I called the hospital on my way, explaining that he might need help getting in to the E.R. The cheerful nurse said they weren’t busy, so they’d be glad to send someone out. I wondered silently whether they would have if they were busy, but said nothing.
As I pulled up, a young man, maybe late 20’s, stood there. I assumed he was the one they’d sent, so I helped him support Wyatt up the short ramp to the almost empty waiting room. One person sat there: the receptionist woman.
“You go on in,” the blonde man said happily. “I’ll sign you both in.”
I didn’t even acknowledge that as I went in, but I was grateful later. Paperwork at hospitals took forever.
Immediately after I pushed through the doors, a strong smell of old people and antibiotics swept up my nose. Wyatt groaned at the scent. I smiled.
A fatter, older woman pointed to a bed, so I laid him down there. He sighed, smiled, and passed out. I wasn’t sure if he was allowed to go to sleep. I spun around to ask that woman, but she’d disappeared.
I looked around desperately. A few beds away stood the blonde guy who’d gotten us in. I called out uncertainly. He glanced up and grinned.
He looked at Wyatt and said, “You should wake him up until we know more.”
I touched Wyatt’s shoulder softly. “Wyatt,” I whispered. It felt weird to be waking up my best friend. I don’t know why, exactly, I just…
He stirred. His eyes squeezed tightly shut. He shifted so he faced me. In a quiet mumble, he said, “Lynn, dar…ling.” My heart stopped. He was dreaming about me?
Unconnected thoughts pounded me. Darling? Did he really think of me like that? Why did he pause? What was going on in the dream? Does he know any other Lynn’s? Would he remember if he woke up? Should I ask him about it? Am I sure I didn’t just imagine this?
I closed my eyes and forced my stomach to settle down. “Wake up, Wyatt,” I said again, louder. I shook his shoulder again, my heart racing from touching him now. “You’re talking in your sleep.” He didn’t wake.
I plugged his nose. Nothing. I let go in fear of suffocating him. Then an idea occurred to me.
Grinning wickedly, I reached out and tickled him. I tickled his sides first. His lips twitched and a noise gurgled out of his throat. I reached up and tickled his armpits. For a moment, nothing happened.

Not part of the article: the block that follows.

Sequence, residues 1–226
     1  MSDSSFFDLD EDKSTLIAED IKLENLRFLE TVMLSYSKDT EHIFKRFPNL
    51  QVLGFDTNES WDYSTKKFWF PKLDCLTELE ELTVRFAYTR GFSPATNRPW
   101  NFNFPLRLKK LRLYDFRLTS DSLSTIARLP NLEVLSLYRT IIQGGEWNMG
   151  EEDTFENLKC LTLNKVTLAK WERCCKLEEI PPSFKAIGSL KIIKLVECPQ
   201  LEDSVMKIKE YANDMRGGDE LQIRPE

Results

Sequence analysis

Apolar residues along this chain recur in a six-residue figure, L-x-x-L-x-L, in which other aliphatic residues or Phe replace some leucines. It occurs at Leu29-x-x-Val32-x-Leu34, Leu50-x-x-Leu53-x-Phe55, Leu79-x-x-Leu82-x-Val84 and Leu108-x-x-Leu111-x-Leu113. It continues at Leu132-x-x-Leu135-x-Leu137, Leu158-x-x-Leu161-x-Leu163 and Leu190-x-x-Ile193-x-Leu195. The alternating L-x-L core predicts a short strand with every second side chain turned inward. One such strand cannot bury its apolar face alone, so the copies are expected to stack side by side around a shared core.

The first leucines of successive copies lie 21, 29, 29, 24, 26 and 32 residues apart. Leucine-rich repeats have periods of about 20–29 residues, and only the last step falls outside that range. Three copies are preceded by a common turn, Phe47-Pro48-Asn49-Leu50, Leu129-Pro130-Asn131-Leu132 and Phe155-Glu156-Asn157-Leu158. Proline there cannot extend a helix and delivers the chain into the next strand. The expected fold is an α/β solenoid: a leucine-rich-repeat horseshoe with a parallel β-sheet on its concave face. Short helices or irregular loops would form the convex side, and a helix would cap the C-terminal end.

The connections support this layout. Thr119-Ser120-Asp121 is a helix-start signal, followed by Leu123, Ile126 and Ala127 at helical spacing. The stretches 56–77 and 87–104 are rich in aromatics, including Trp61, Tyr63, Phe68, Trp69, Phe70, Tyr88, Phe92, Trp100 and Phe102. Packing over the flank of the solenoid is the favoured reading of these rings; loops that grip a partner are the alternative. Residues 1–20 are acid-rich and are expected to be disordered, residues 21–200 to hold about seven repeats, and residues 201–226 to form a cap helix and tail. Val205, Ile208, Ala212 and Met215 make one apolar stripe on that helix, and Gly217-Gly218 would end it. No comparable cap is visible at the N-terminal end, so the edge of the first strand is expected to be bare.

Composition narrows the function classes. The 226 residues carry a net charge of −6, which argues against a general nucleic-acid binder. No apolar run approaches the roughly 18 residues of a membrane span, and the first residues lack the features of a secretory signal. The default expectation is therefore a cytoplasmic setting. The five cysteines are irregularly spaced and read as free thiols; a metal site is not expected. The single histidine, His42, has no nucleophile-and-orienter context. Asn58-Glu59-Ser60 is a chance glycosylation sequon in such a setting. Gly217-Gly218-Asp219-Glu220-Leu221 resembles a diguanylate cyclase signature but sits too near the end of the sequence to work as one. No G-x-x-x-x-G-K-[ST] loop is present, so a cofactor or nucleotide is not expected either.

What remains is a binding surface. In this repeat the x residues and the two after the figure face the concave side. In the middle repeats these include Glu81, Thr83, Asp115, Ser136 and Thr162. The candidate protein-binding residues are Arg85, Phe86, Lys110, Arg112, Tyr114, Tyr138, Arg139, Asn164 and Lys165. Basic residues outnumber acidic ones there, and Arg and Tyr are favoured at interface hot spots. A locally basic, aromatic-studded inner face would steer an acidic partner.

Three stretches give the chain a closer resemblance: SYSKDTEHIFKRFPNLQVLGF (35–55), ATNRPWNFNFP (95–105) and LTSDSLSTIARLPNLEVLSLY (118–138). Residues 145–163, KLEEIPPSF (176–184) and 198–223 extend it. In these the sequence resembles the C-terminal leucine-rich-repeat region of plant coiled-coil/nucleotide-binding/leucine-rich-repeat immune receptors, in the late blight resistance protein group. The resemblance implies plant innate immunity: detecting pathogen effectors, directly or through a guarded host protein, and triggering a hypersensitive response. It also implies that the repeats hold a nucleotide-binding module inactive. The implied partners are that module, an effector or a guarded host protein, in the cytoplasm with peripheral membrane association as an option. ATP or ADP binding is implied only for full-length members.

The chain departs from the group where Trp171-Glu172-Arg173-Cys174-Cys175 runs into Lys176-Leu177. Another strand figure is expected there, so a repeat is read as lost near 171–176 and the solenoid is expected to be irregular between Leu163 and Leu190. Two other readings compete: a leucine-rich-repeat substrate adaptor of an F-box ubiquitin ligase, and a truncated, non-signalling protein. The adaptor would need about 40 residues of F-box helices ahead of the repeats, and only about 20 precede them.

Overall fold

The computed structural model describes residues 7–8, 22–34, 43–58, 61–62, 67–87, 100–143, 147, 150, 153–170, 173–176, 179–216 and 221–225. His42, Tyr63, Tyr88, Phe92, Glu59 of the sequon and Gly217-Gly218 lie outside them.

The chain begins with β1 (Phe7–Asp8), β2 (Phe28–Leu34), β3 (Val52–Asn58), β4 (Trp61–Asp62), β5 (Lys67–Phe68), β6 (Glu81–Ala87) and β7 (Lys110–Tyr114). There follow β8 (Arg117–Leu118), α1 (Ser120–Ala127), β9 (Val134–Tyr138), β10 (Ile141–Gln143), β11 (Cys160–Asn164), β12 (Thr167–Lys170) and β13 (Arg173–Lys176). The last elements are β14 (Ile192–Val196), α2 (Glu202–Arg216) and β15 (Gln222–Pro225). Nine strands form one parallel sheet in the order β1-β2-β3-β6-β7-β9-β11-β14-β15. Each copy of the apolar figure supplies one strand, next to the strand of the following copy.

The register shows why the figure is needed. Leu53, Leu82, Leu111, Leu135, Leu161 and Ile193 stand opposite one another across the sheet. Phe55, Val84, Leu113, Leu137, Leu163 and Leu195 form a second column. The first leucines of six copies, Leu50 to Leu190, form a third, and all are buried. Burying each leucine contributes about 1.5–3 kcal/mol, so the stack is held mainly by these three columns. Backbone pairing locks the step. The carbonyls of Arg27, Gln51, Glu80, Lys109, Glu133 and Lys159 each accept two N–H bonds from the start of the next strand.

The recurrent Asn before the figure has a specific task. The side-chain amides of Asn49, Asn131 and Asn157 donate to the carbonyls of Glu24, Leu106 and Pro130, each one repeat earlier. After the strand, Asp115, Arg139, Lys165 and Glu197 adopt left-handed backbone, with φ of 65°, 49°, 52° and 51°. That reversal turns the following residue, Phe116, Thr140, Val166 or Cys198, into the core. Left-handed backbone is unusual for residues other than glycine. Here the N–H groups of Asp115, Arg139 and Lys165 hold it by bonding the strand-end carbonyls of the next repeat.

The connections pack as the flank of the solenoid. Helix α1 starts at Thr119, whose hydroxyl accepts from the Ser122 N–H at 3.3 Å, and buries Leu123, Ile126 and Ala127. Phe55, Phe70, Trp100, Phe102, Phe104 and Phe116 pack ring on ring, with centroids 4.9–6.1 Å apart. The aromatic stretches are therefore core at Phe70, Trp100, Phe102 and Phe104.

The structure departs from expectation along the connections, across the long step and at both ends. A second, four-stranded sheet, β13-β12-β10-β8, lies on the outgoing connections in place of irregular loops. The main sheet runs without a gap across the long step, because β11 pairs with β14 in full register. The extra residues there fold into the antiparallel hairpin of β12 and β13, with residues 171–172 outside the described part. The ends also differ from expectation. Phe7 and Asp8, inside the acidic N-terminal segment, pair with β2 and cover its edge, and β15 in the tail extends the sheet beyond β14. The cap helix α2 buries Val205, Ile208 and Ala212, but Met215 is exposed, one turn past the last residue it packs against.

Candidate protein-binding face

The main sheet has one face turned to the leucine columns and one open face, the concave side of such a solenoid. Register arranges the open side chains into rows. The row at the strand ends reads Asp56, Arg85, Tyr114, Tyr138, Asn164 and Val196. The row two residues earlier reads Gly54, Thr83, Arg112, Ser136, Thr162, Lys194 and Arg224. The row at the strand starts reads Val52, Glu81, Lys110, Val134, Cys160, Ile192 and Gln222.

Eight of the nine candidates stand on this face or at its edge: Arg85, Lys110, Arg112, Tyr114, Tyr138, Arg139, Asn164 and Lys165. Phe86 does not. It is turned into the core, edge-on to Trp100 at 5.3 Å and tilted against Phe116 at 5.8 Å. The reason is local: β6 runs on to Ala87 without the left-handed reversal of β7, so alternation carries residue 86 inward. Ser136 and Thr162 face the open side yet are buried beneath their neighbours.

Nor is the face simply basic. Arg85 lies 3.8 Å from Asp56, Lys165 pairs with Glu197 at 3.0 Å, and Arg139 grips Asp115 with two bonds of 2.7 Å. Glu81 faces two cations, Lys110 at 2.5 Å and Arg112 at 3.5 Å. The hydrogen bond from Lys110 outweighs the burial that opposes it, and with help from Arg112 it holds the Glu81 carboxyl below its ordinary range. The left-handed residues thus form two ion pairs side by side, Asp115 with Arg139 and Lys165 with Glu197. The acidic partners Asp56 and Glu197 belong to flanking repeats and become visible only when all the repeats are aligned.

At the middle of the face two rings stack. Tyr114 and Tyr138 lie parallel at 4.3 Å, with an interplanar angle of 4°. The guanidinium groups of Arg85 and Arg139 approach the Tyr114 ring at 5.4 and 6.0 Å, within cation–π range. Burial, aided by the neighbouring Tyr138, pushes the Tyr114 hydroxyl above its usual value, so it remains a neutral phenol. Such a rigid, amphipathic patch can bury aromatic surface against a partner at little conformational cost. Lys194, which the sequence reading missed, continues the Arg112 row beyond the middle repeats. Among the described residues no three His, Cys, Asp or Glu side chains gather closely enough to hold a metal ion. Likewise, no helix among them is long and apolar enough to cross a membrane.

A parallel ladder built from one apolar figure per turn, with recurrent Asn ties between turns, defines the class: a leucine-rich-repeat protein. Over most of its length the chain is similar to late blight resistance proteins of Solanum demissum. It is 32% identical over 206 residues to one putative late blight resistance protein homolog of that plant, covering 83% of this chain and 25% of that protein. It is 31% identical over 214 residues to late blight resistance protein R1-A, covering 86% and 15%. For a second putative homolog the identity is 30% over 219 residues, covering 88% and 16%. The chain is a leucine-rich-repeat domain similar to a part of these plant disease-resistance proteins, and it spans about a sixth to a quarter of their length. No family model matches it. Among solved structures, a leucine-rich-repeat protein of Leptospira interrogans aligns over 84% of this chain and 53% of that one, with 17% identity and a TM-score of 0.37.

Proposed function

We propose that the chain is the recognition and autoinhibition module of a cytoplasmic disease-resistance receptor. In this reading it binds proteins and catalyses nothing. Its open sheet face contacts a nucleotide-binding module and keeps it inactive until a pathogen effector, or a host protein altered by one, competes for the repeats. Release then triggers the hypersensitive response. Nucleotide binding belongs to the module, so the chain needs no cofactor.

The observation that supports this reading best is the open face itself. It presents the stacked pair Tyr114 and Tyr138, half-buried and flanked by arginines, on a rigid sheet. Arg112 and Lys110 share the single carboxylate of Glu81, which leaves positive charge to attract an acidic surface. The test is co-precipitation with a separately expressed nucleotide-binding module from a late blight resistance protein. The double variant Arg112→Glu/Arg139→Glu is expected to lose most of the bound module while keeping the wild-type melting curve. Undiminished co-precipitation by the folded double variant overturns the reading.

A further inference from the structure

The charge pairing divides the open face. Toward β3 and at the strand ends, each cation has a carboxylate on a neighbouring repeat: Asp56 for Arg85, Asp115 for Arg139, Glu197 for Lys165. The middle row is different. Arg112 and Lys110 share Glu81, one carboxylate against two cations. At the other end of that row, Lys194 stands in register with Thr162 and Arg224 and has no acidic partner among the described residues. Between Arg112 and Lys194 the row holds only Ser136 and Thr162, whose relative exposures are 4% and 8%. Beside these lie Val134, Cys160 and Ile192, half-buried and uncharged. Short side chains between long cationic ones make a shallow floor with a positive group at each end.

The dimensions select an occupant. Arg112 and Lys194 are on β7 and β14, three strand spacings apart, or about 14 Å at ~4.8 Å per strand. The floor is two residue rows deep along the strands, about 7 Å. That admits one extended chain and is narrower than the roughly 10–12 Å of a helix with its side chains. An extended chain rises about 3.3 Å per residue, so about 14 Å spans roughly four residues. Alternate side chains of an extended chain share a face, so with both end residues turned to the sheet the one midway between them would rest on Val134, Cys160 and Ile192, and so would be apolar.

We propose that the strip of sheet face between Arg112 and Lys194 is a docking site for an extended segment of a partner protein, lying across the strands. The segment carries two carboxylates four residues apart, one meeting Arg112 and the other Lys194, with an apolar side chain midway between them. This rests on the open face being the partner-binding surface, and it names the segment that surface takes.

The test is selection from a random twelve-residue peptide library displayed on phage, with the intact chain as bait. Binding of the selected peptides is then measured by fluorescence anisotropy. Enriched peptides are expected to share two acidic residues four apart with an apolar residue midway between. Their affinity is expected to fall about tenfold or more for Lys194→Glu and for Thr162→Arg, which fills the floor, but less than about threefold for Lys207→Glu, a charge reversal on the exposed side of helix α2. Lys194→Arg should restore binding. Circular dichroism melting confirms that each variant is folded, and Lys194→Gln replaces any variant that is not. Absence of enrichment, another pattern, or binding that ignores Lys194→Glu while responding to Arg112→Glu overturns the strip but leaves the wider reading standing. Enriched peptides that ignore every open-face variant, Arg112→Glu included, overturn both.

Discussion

Then Wyatt shot up. As he slapped my hands away, he muttered, “You’re gonna get it.” I backed away, but I hit a wall. I was going to defend myself, but Wyatt stumbled. He began to fall forward.
I grabbed him as he fell. But he regained his balance, throwing mine off in the process. Suddenly, I was pinned against the wall again, and Wyatt was tickling the crap out of me.
A loud shriek of laughter burst out of my throat before I could stop it. I clapped my hand over my mouth and glanced around the room. Everyone had left. Phew.
“W-w-w-Wyatt,” I pleaded breathlessly. “S-st-s-stop!”
He shook his head and threatened, “I’ll keep going until you fall apart from laughing. Unless you get us out of here now.”
I shook my head fiercely. Though quiet giggles continued to slip through my lips, I wouldn’t give in. “You… Need… Stitches,” I gasped.
His hazel eyes glared for half a second, and then he stopped torturing me. “Fine,” he growled. “But only because this hurts like hell from tickling you.” He touched his arm. He winced.
“Oh, God!” I gasped. “Wyatt!” His arm was dripping blood all over him and on the floor. “Someone get in here!” I shouted.
Quickly, I searched around for a towel or something, but I couldn’t find anything. The blood was getting really bad. Wyatt groaned. My eyes flickered to his face. I gasped again. He was ghostly pale.
Without thinking, I tore off the plain white T-shirt I wore over my purple tank top. I pressed it harshly against his arm, applying as much pressure as I could.
A doctor walked in at that moment. He was whistling, but I yelled at him to help me, and that shut him up. He appeared at my side, a tall guy, mid-thirties, brown hair and brown eyes. “Keep applying pressure,” he instructed. “I’ll be right back.”
Wyatt’s eyelids kept fluttering crazily. Nervous as hell, I felt my palms begin to sweat. “You’re going to be fine,” I told Wyatt.
The doctor was back with a thick towel. He gently pushed my hand away, did something fancy with the towel to tie it around Wyatt’s arm, then began to examine the cut.
“We should get this sealed up right away,” he said seriously. “The wound looks fairly clean, but jagged. How did you say this happened?”
“Um, he fell out of a tree.”
“There’s no dirt in the cut.” His voice was stern and condescending. What, he didn’t believe me?
“I put some antiseptic and stuff on it. My mom’s kind of a freak about avoiding infections.” I really didn’t need to say the next sentence, but I was pretty sure this guy was accusing me of hurting Wyatt. Ugh. “My dad died because the hospital didn’t clean a wound well enough and it got infected.”